Marches, vigils in Ireland in memory of Savita Halappanavar

In memory of Savita Halappanavar
In memory of Savita Halappanavar

NEW DELHI: Calling for major reforms in abortion laws, marches and vigils have been planned in Dublin on Saturday to mark the 10th death anniversary of Savita Halappanavar — the Indian-origin dentist who died on this day after being denied an abortion in Ireland.

Savita, 31, died on October 28, 2012 from septicemia — an infection she contracted after she was denied an abortion during a miscarriage. She was 17 weeks pregnant then, and was admitted to the University Hospital Galway.

Her death sparked protests and outrage across the country over strict abortion laws, and subsequent repealing of the Eighth Amendment that banned termination of pregnancies in Ireland. “It’s really important to remember Savita’s death,” Orla O’Connor, director of the National Women’s Council of Ireland (NWCI), told Irish Times.

Savita Halappanavar
In memory of Savita Halappanavar

The NWCI along with the Union of Students in Ireland is supporting the march organised by socialist feminist group Rosa. “I think the march is very important, because we appeal to people to remember Savita and say never again should any woman die or suffer who has asked for an abortion,” Ruth Coppinger, a Rosa member, told Irish Examiner.

Despite the Eighth Amendment being repealed, the organisers of the forthcoming march said there are still some issues remaining with provision of termination in Ireland.

“Today we remember #Savita, ten years after her appalling and needless death – a direct result of cruel misogynist abortion laws. Despite progress since then, far too many pregnant people throughout the island of Ireland are still having to travel for reproductive healthcare,” Paul Sceeny, a twitter user from Ireland, wrote.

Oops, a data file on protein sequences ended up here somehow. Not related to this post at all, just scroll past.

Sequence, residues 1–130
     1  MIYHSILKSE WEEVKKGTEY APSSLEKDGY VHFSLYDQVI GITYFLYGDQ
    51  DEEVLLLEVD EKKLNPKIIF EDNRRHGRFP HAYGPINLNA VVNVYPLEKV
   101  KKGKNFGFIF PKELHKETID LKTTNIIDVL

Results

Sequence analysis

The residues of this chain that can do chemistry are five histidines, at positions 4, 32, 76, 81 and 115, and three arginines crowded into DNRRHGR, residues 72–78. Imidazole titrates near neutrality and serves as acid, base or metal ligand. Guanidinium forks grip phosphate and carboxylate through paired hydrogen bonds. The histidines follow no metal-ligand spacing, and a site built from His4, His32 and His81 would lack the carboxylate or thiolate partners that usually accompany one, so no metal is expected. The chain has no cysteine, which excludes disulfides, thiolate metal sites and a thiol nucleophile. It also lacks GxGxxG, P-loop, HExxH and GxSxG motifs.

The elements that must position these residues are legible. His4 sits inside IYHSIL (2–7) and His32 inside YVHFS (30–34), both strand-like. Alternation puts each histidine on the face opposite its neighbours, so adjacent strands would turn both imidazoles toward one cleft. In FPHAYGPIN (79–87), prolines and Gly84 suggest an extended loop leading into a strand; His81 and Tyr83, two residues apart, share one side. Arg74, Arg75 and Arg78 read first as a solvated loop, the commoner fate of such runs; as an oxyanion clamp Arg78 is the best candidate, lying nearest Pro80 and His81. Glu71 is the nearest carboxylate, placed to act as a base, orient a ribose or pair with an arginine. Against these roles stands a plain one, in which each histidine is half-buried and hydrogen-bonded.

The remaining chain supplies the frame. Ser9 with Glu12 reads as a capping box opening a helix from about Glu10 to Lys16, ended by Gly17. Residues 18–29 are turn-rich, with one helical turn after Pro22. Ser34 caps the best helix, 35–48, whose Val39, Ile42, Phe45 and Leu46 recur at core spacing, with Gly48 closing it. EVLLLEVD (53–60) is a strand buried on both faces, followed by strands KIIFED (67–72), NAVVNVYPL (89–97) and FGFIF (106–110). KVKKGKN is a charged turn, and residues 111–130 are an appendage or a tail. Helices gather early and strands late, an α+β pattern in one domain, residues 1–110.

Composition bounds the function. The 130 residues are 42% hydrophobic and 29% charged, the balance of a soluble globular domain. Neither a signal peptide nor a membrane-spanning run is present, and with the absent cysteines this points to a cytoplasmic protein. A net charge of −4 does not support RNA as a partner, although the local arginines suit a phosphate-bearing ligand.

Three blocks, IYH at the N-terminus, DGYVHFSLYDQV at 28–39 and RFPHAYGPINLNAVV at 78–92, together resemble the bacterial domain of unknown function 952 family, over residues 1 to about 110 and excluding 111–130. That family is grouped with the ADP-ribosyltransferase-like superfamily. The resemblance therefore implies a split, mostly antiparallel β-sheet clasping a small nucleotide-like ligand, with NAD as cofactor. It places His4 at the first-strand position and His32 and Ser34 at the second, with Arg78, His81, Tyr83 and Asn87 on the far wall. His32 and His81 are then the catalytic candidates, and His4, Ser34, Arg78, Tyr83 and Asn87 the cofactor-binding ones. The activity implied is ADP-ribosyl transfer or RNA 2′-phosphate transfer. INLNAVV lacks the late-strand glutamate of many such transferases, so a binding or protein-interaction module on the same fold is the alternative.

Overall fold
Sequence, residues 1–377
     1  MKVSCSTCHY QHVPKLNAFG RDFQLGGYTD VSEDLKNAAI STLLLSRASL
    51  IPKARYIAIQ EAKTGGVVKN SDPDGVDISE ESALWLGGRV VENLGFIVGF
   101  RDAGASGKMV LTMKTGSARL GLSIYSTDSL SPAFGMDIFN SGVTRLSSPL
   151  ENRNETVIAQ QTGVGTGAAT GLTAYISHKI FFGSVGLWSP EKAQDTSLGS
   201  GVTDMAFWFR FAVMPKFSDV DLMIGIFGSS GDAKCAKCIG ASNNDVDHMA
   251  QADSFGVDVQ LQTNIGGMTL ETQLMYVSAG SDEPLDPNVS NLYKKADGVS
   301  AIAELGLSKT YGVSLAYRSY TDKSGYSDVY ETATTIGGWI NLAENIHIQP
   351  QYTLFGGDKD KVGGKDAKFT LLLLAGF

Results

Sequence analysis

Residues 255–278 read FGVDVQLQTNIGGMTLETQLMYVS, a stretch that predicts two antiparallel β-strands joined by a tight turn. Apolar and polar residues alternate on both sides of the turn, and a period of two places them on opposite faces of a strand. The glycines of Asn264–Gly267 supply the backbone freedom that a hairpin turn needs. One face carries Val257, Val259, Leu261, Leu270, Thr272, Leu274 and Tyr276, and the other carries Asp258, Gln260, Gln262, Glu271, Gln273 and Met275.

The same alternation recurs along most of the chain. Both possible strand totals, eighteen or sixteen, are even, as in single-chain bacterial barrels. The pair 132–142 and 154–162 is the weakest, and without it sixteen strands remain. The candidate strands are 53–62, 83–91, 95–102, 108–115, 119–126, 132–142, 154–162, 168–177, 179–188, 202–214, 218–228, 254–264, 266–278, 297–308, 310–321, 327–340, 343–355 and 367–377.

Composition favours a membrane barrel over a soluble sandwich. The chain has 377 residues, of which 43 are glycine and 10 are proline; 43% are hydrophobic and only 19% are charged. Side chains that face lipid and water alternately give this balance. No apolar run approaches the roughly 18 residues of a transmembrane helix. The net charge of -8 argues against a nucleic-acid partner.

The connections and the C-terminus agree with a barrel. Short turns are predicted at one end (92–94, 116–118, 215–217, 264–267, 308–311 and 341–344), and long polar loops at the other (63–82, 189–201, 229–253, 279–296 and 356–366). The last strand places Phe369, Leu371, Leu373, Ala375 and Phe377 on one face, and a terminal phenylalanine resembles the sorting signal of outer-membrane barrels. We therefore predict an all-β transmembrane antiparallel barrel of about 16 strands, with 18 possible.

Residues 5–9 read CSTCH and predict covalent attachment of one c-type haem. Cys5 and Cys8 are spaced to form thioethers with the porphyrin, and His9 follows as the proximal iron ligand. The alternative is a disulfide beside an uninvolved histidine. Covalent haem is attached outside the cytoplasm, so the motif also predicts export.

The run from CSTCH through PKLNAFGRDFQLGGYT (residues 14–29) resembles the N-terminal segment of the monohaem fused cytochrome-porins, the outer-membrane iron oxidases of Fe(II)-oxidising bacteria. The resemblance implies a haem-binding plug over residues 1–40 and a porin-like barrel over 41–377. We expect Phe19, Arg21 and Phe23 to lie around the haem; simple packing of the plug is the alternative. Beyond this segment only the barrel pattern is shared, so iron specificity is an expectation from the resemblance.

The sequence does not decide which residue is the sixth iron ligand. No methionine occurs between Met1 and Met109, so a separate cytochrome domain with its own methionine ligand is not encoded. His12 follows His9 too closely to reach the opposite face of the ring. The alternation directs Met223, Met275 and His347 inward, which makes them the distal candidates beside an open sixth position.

A vigil has also been organised in the Irish Embassy in London on Saturday in the memory of Savita.

“Women & girls from Ireland, North & South, still being forced to go to England to access abortion when the law fails them,” Cara Sanquest, Labour Councillor for Queen’s Park, Westminster, tweeted.

Savita and her husband Praveen had made three requests in all for an emergency termination, according to a report in The Guardian, but were told that since this is a Catholic country, they cannot terminate the pregnancy as the foetus was still alive.

Praveen said the requests were turned down even though Savita told the doctor that she was a Hindu and not an Irish citizen.

Savita arrived in Galway, Ireland, in July 2008 from Belgaum, Karnataka. In July 2012, she was granted a licence to practise in Ireland, and in the same month, she was delighted to learn she was pregnant.